As culture writer and film critic A.O. Scott put it in the New York Times this past Thanksgiving weekend, "Ever since the financial crisis of 2008, I've been waiting for 'The Grapes of Wrath.' Or maybe 'A Raisin in the Sun,' or 'Death of a Salesman,' an Emile Zola novel or a Woody Guthrie ballad-- something that would sum up the injustices and worries of the times, and put a human face on the impersonal movements of history.  
The originals are all still around, available for revival and rediscovery and part of a robust artistic record of hard times past. But we are in the midst of hard times now, and it feels as if art is failing us."   
So into this void, at least in this little part of his and our world, steps a Steve Schalchlin, with an intelligent, compelling, and extremely tuneful commentary on some of the current ills of American society and the entire planet, and his idealistic but utterly conceivable notion of music being the conduit for non-violence and peaceful change. "

Thursday, December 18, 2014

Jim & Steve on Guiness World Records Official Attempt, Jan. 1 at Metropolitan Room


I'm at 9:30-9:45pm and Jim sings from 10:15 - 10:30pm on Jan. 1st. We are very excited to be given anchor positions at this "official attempt" at "The Longest Variety Show" at the Metropolitan Room in NYC from 7pm on the 1st to 1am on January 4th.

There are tickets available for One Day Passes and a Four Day Pass, which lets you in anytime during the festival.

Don't miss it!

Monday, December 08, 2014

New World Waking to a Sold Out House.

It was such a relief to look out into the house from behind the curtain this past Saturday night and see a house full of people. I knew we were making money for the kids in the summer theater program.

Even more gratifying was how many people said how relevant they found the piece, especially in this era where violence is celebrated even more than in the past.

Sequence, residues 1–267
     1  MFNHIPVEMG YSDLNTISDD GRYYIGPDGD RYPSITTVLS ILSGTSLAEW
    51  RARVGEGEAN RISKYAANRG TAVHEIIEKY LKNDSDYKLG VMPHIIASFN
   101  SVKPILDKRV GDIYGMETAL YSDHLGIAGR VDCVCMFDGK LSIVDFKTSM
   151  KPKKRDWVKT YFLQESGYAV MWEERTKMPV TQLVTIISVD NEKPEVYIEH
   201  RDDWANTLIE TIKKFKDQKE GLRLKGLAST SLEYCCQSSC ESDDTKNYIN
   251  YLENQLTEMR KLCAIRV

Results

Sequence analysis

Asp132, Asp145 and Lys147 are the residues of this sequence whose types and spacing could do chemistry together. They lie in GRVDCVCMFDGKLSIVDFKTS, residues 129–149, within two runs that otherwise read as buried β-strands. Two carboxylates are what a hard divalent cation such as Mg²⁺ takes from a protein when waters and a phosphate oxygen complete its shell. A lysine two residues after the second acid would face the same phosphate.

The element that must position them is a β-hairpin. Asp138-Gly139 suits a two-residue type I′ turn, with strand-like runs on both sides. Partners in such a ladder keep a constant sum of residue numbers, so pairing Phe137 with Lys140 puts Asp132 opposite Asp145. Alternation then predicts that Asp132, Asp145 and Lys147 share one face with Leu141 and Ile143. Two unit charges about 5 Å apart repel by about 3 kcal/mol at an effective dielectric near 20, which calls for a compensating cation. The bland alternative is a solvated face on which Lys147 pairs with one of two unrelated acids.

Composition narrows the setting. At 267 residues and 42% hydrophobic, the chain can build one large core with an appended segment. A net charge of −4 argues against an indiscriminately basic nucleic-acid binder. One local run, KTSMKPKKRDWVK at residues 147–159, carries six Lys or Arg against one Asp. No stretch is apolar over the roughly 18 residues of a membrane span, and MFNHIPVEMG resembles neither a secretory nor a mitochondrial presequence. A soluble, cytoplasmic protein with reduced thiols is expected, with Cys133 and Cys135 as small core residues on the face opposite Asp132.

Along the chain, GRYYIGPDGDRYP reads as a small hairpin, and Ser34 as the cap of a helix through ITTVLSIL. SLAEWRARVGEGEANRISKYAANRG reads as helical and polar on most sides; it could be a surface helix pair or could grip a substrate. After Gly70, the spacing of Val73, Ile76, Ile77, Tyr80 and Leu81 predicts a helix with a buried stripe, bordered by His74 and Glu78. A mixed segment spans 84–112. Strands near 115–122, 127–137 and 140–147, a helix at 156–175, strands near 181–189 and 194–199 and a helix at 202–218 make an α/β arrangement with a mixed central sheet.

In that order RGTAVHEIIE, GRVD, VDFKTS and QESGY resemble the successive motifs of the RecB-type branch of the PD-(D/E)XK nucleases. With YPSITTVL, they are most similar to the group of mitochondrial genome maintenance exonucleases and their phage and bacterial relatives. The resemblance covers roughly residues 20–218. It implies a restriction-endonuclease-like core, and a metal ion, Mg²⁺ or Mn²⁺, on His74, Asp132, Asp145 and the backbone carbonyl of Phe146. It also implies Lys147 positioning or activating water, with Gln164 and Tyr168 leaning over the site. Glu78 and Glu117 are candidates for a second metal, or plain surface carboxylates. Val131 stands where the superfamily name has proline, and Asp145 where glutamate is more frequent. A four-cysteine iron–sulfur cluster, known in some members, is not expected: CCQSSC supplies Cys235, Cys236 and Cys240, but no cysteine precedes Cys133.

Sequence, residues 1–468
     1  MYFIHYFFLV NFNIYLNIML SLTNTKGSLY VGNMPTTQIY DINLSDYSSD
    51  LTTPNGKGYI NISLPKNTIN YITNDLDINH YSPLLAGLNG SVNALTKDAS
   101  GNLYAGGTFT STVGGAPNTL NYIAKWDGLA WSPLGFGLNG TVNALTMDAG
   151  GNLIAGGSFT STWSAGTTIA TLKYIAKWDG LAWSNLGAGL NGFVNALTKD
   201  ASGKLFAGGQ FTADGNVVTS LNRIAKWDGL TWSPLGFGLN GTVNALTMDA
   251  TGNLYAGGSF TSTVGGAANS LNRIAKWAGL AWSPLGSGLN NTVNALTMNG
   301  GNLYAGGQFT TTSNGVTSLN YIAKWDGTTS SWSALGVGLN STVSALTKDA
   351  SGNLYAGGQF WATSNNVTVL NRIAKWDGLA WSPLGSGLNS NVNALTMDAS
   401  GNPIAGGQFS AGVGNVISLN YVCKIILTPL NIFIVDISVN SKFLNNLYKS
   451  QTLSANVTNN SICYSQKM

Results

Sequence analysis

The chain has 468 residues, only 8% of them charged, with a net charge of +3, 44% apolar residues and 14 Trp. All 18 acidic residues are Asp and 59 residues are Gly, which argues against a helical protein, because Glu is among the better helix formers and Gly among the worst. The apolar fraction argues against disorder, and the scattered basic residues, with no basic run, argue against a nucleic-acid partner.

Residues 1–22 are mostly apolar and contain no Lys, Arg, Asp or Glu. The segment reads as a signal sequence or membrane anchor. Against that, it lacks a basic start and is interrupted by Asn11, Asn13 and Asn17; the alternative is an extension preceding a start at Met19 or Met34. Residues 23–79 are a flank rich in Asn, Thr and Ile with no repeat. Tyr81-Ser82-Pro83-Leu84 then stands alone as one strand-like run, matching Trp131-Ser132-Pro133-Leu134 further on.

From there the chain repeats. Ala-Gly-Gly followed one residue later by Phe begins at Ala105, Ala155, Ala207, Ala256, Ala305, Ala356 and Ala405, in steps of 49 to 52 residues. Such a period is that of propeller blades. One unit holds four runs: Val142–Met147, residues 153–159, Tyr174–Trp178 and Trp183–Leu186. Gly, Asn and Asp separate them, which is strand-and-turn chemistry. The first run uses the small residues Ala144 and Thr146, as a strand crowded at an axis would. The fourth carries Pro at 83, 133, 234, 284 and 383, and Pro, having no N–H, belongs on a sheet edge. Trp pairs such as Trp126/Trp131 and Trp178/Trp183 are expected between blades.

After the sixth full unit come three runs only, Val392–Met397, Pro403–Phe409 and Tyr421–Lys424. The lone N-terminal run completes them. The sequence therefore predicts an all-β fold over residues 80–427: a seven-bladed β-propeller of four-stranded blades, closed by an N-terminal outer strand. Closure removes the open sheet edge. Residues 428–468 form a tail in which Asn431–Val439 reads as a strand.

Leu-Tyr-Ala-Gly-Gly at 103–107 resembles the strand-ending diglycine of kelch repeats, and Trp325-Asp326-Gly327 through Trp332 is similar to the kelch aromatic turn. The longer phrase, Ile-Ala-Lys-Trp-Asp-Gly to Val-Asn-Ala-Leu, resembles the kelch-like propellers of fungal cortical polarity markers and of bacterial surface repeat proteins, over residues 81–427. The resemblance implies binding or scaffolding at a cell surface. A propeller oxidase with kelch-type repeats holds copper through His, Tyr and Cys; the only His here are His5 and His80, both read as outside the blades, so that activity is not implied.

I will have photos and video soon, but I wanted to thank everyone who sang in the show and everyone who braved the cold rain to be in the audience.


Tuesday, November 25, 2014

Busy Week Preparing New World Waking.

In response to questions about "how do I get a show produced?"

This past Saturday, director Andy Gale, Jim Brochu and I took the M11 bus down 9th avenue to 30th street and walked east to Urban Stages. If that sounds scary to anyone, you haven't been in New York. This is a thriving, bustling midtown/Chelsea area just a block from Broadway.

I had all these ideas about staging, which I had been dreaming up during my morning piano sessions.

And Andy said no to every single one. And Jim agreed.

It was the best day of my life.

To be in the hands of professionals is the greatest feeling of all. And he was right about every idea. But at least I had some. And yesterday, one of the wackier ones, he loved, so it's going into the show. I tried it out in class yesterday, where we also rehearsed two of the singers, Eileen Tepper and Cindy Marchionda.

This week, also, I wrote up press materials, finalized the casting, rehearsed people at all hours of the day, created the logo (while Jim created the poster), I'm also rewriting the script, rewriting all the arrangements to the songs, promoting the show to all my friends, begging them to come so that we don't face an empty house -- it's happened before -- and am communicating with the tech team and the PR agent (our old pal David Gersten) for the whole Winter Rhythms cabaret and theater festival (of which we are a part),

Oh, how did I get this production? Well, after Jim did so well at Urban Stages with his "Character Man" show, and after I got such great notices for my "Tales from the Bonus Round" show, I had heard about Winter Rhythms, so I told Peter Napolitano I'd take one of the slots this year if he would have me.

And the secret, I suppose, is a deadline.

I could have been working this material over from now until eternity, but it ain't real until it goes onto the stage.

The other aspect, as I've discussed before, was that this was an experiment. Could we fashion a "new musical" without ever needing a big group rehearsal? I've done it before in smaller situations, such as when we did it in Olympia, Washington with their summer theater class.

But this is New York! No just flopping people onto the stage.

Welcome to the glamorous world of how to get a show on.

From the outside, you'd think there would be producers and artists and designers and a press team (and a playwright and composer), all putting on a show. But, in fact, this is a do-it-yourself production, filled with volunteers. And, as creator of this show, who doesn't have a lot of money or "people," I have to do the lion's share of our part.

I'm not complaining. I'm explaining. The reality.

Nobody comes and just whizzes you away and gives you a career. You are the CEO and you have to do it or it doesn't get done.

I suspect this is true, to a large extent for all writers and artists -- at least until they have a fortune and can hire people to do it for you.

No, kids. It's all in your hands. That's the reality.

Stop waiting for someone to give you permission. No, wait.

I now give you permission.

There. Done. Now, go do it.